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378 Phil. 530


[ G.R. No. 129793, December 15, 1999 ]




Before us is an appeal from a decision rendered by the Regional Trial Court, Branch 83 of Quezon City,[1] convicting accused-appellant, Augusto Tanzon y De los Reyes of the crime of murder and sentencing him to suffer the penalty of reclusion perpetua.

The facts of the case as culled from the records are as follows:

In the evening of November 19, 1994, the deceased Lemuel Juanillo y Egeron was walking home from work with his common-law wife, Liza Quilang, when they happened to pass by accused-appellant Augusto Tanzon and four of his friends having a drinking spree in front of accused-appellant's home in No. 28 A. Tanzon Street, Area 6, Sitio Cabuyao, Barangay Sauyo, Novaliches, Quezon City.  Accused-appellant invited the deceased for a drink but the latter refused since he already had some drinks earlier at his place of work and he just wanted to get home to rest.  When Liza, who was seven (7) arms length ahead of the deceased, turned to look back at her husband, she was horrified to see accused-appellant Augusto Tanzon let out a burst of gunfire from a long metal pipe he was holding, hitting the deceased from behind and causing him to fall immediately.

As another shot rang out, Liza shouted invectives at the accused-appellant and his friends and told them to stop shooting, but her protestations fell on deaf ears.  Accused-appellant's companions dragged the deceased seven (7) meters away from where he lay.[2] Accused-appellant then entered his house and after a short interval came out, this time holding a small gun which he used to shoot the deceased who was lying prostrate on the ground.  Accused-appellant's friends then kicked, punched and slumped a chair on the deceased. Liza started screaming again at her husband's assailants but one of the men just told her, "Wala kang nakita."[3]

When the men left, Liza tried to approach her husband but one of them returned and began to shoot.  He shot Liza thrice but Liza escaped unscathed because she ran "zigzagging" on the street towards the house of her in-laws located at the upper portion of the street, fifty (50) meters away.[4] It was only after an hour, when the policemen arrived, that Liza and her mother-in-law were able to approach the body of the deceased.[5] The policemen brought the body of the deceased to the funeral parlor while Liza went to the precinct together with the other policemen to file a complaint against the accused-appellant.[6]

Liza's story is corroborated by Paz Tumbagahan, a neighbor, who testified that on the night in question, at about 11:30 o'clock in the evening, she heard a gunshot.  Curious as to where the shot originated, Paz went out of her house and stood near a NAWASA tank when she saw Augusto Tanzon with some friends poking a long metal pipe at someone whom she could not identify because the latter was in a dim corner of the street.  Paz had no trouble ascertaining the identity of accused-appellant since he and his group were standing in a portion which was well lighted.[7] When another shot rang out, Paz heard a woman scream.  As this was followed by one more shot, she saw Liza Quilang running in a zigzag manner, being chased by Alex Tanzon, the son of accused-appellant.[8] Alex fired three shots after which he stopped chasing Liza.  Having failed to overtake her, he turned his ire on the other onlookers saying, "Bumaba ang matapang."[9]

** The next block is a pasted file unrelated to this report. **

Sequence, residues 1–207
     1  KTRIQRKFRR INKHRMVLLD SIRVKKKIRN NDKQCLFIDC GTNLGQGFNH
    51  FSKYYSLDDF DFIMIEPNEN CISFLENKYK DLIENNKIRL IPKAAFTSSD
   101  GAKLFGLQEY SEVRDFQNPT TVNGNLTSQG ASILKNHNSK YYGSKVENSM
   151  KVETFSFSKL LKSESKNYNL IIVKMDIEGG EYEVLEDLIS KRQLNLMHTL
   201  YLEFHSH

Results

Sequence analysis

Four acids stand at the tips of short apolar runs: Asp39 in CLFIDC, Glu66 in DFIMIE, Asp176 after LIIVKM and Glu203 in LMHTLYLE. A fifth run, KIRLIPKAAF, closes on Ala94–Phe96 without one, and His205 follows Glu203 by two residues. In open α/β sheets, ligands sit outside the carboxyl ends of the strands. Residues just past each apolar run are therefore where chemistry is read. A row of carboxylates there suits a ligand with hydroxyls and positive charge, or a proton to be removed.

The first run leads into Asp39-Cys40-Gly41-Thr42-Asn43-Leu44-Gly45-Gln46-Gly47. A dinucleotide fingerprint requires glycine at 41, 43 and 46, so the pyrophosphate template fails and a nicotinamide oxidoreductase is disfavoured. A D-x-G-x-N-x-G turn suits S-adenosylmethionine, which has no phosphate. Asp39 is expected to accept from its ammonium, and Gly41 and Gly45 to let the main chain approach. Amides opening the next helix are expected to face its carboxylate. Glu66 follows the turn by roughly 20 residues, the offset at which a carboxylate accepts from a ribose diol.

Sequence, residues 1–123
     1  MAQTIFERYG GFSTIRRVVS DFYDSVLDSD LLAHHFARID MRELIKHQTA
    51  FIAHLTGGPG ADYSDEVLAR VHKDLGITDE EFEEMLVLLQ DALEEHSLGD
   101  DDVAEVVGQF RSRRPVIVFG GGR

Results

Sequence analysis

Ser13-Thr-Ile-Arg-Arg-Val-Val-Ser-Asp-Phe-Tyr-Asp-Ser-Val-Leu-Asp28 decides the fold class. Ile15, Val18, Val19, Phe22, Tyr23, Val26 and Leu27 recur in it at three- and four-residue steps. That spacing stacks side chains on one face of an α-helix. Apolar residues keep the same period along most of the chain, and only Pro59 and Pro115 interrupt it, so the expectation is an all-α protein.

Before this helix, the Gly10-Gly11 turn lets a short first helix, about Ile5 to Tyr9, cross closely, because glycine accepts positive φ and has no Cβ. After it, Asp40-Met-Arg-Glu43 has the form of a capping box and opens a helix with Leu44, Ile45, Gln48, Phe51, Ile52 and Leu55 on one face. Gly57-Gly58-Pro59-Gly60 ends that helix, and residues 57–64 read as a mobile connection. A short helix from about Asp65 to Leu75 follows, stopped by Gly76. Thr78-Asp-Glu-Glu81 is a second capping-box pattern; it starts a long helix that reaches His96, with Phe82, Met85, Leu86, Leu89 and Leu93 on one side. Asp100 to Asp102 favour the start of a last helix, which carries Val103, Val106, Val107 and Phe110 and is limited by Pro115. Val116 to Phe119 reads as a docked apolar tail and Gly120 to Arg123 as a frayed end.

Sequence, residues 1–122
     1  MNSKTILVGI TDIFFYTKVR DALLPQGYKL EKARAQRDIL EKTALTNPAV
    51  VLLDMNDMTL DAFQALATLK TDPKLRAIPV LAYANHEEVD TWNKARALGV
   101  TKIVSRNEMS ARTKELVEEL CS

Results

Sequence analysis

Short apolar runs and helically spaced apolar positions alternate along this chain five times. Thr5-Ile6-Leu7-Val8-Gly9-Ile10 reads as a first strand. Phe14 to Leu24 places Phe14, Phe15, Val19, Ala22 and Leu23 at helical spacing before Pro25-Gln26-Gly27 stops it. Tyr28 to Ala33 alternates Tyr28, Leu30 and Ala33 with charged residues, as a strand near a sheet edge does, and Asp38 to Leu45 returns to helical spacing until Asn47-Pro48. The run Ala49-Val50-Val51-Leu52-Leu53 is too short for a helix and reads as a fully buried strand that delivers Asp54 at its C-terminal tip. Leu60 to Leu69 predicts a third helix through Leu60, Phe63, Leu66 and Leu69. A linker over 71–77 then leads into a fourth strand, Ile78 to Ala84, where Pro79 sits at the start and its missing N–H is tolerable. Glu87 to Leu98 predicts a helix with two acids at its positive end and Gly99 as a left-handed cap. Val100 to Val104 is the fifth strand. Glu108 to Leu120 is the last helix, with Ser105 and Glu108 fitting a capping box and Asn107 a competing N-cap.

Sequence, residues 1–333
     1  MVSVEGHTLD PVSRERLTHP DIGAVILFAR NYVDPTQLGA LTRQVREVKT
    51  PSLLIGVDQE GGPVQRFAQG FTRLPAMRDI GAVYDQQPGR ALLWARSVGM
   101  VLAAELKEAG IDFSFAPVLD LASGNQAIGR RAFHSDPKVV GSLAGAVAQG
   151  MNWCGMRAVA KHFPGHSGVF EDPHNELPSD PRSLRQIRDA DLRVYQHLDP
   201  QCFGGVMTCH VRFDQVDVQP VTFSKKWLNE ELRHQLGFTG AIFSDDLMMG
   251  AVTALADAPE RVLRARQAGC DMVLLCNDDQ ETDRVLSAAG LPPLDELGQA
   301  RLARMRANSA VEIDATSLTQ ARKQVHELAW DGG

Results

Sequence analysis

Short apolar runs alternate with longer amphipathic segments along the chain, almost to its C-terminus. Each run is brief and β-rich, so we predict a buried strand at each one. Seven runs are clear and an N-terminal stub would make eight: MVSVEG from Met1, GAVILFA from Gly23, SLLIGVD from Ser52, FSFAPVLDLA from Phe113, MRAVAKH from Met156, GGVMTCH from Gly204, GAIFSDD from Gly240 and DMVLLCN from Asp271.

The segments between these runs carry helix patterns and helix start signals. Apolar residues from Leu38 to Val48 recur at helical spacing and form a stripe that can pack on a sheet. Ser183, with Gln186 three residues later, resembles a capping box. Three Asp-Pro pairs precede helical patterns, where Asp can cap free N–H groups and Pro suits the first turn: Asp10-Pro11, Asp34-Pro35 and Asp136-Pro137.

On December 2, 1994, an information was filed against accused-appellant which reads:
"The undersigned accuses AUGUSTO TANZON Y DE LOS REYES of the crime of MURDER, committed as follows:

That on or about the 19th of November, 1994, in Quezon city, Philippines, the above-named accused, conspiring, confederating with one other persons whose true names, identities and whereabouts have not as yet been ascertained and mutually helping one another, with intent to kill, and without justifiable cause, with treachery and abuse of superior strength did then and there wilfully, unlawfully and feloniously attack, assault and employ personal violence upon the person of one LEMUEL JUANILLO y EGERON in the manner as follows:  Accused Augusto Tanzon y de los Reyes shot said victim with a long gun and causing him to fall to the ground and again shot the fallen body at the back with a short gun which was the direct and immediate cause of his untimely death, that in the furtherance thereof, and to augment his sufferings, with evident premeditation and cruelty, his co-accused deliberately kicked, slapped and dragged the victim and after which accused Augusto Tanzon y de los Reyes shot again the victim's body with a handgun, to the damage and prejudice of the heirs of the offended party.

Accused-appellant pleaded not guilty at his arraignment.  His defense is as follows: